Adam Morris wrote a really good article Thursday night on the Torii Hunter signing and why it’s a good thing for the Rangers.

Among Adam’s points:

1. Led by Brandon McCarthy and Eric Hurley and Edinson Volquez in the rotation, Chris Davis and Ian Kinsler and Jarrod Saltalamacchia and Taylor Teagarden in the lineup, and C.J. Wilson closing games, with a free agent signing or two mixed in, Texas should be ready to contend in 2010.

2. What Hunter does for the Angels the next two years isn’t as important, because 2008 should be a rebuilding year for the Rangers, and 2009 should be when the club takes a step forward, with 2010 as the target year to be in the mix.

3. The Hunter signing costs Los Angeles another first-round draft pick (27th overall this June). That’s good.

4. If Arte Moreno presses his new general manager to go get Miguel Cabrera and it costs something like Howie Kendrick, Nick Adenhart, and Brandon Wood (I’d add Jeff Mathis’s name as well), and Cabrera then takes his free agency after 2009, then that’s obviously good.

5. Signing Hunter costs the Angels $18 million annually that might otherwise have been earmarked for Cabrera, Alex Rodriguez, Johan Santana, or someone else in that stratosphere.

6. Bottom line, the Hunter deal is going to make it harder for the Angels to succeed in 2010, when Adam believes the Rangers should be hitting their stride.

All very good points.

Let me add a few.

1. With a lineup headed by Vlad Guerrero, who is nearly 32 (and not a “young” 32, either), and Hunter, 32 as well, the Angels and their aggressive owner (and new GM) might be compelled to fire a bunch of bullets over the next couple years and take advantage of Guerrero’s presence in an otherwise unimposing lineup. The club has a number of interesting young hitters (primarily Kendrick, Wood, Casey Kotchman, and Kendry Morales), but none figures to create a lot of damage in the middle of the lineup, at least not in the next two years when Guerrero can reasonably be expected to remain the force that he is.

2. The vaunted Angels farm system of recent years is no longer so vaunted. After Wood, there doesn’t appear to be much to speak of in terms of impact position players. And they forfeited last year’s number one draft pick (24th overall) to Texas (who used it on righthander Michael Main) by signing Gary Matthews Jr., and surrender their 2008 first, 27th overall, to Minnesota.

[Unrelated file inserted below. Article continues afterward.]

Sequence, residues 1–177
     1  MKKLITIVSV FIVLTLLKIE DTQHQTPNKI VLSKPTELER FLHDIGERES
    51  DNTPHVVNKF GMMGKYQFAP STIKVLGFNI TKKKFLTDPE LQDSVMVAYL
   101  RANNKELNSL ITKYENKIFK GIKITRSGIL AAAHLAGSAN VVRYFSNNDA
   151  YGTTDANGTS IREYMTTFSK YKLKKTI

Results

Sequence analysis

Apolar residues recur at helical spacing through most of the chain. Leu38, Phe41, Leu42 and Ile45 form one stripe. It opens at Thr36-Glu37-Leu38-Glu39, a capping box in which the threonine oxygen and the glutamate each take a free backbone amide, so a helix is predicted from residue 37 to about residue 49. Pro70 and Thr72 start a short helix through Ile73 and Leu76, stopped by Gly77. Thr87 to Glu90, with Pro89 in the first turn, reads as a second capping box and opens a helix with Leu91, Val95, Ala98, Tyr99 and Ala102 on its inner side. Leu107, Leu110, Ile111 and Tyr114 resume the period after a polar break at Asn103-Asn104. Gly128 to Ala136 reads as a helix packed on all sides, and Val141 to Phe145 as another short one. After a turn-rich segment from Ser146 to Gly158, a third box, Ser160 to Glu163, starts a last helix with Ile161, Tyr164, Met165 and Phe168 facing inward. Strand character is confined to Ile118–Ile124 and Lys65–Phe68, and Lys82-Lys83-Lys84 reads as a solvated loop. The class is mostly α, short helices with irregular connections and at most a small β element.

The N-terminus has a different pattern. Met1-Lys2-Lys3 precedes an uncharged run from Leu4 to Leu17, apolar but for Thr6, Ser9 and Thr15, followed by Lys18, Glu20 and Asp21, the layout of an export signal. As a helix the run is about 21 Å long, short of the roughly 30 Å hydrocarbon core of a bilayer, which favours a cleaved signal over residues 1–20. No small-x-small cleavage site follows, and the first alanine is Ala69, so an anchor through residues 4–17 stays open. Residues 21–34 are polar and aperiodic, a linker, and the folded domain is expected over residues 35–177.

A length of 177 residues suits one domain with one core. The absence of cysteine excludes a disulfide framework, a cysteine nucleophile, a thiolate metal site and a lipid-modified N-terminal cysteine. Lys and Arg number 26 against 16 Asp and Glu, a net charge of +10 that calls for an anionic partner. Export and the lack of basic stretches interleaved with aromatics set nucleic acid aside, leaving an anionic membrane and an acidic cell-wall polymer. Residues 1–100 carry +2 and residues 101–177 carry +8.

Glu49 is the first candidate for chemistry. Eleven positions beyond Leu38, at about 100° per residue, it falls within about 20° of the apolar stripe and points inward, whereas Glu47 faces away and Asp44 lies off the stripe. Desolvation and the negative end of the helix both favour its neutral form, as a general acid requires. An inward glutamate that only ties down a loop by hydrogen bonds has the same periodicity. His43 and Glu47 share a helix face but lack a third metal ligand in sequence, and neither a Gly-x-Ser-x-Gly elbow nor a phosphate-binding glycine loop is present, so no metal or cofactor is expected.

3. So to make an impact trade, whether for Cabrera now or someone else in July, it stands to reason that the Angels will not only have to move at least one of their key pitching prospects (Adenhart, Jordan Walden, Sean O’Sullivan) but also a couple core pieces of the big league lineup (probably from among Kendrick, Mathis, Kotchman, and Wood).

Think that’s going to stop Moreno, who has committed about $42 million per year to Guerrero, Hunter, and Matthews in 2008 and 2009?

Moreno has owned the Angels for four full seasons. His club has averaged 92.5 wins and has three division titles in that time. And yet Los Angeles has a 4-12 playoff record since he arrived, with one series win out of four and no World Series appearances. If he has a chance to add, say, Santana or Troy Glaus, do you think he’s going to order his baseball people to tap the brakes because it could hurt the club’s chances in 2011?


One place where I might differ slightly from Adam is my thought that, as I suggested back in June, Texas could be a contender in 2009 (not only because a number of the Rangers’ top young players should have settled into roles by then, but also because Kevin Millwood and Vicente Padilla could both be pitching for contracts that year and because I have no doubt that we will have a much better outfield defense by 2009).

But otherwise, I think Adam is dead on. Torii Hunter makes the Angels tougher in 2008 than they would have been otherwise, and probably in 2009, too, but that’s about when the Rangers, whose depth in prospects is, for the first time in years, significantly more dangerous (not only in big league potential but also utility in trades) than that of the Angels, should be ready to fight for the division flag that Los Angeles has had a grip on for years.

What the Angels are able to accomplish between now and then shouldn’t be a huge concern to Rangers fans. Especially if it effectively compromises what the Angels are able to do thereafter.

P.S. Mike Hindman has posted his assessment of the number 11 through number 15 starting pitcher prospects in the Rangers system.

P.P.S. John Sickels has just released his preliminary ranking of the Rangers’ top 20 prospects:

1. Taylor Teagarden, C, Grade B+ (would be a Grade A- if not for injury history)
2. Eric Hurley, RHP, Grade B+
3. Elvis Andrus, SS, Grade B+
4. Chris Davis, 3B, Grade B+
5. Matt Harrison, LHP, Grade B+
6. Michael Main, RHP, Grade B
7. John Mayberry Jr, OF, Grade B
8. Kasey Kiker, LHP, Grade B
9. Max Ramirez, C, Grade B
10. German Duran, 2B, Grade B
11. Omar Poveda, RHP, Grade B
12. Neftali Feliz, RHP, Grade B-
13. Blake Beavan, RHP, Grade B-
14. Brandon Boggs, OF, Grade C+
15. Johnny Whittleman, 3B, Grade C+
16. Julio Borbon, OF, Grade C+
17. Tommy Hunter, RHP, Grade C+
18. Armando Galarraga, RHP, Grade C+
19. Neil Ramirez, RHP, Grade C+
20. Brennan Garr, RHP, Grade C+

Don’t be discouraged by the lack of “A” grades. Sickels gave only 27 marks above B+ across the entire league in his 2007 book. He finished today’s Rangers ranking with this comment: “This is a loaded system.”

You can read more from Jamey Newberg at

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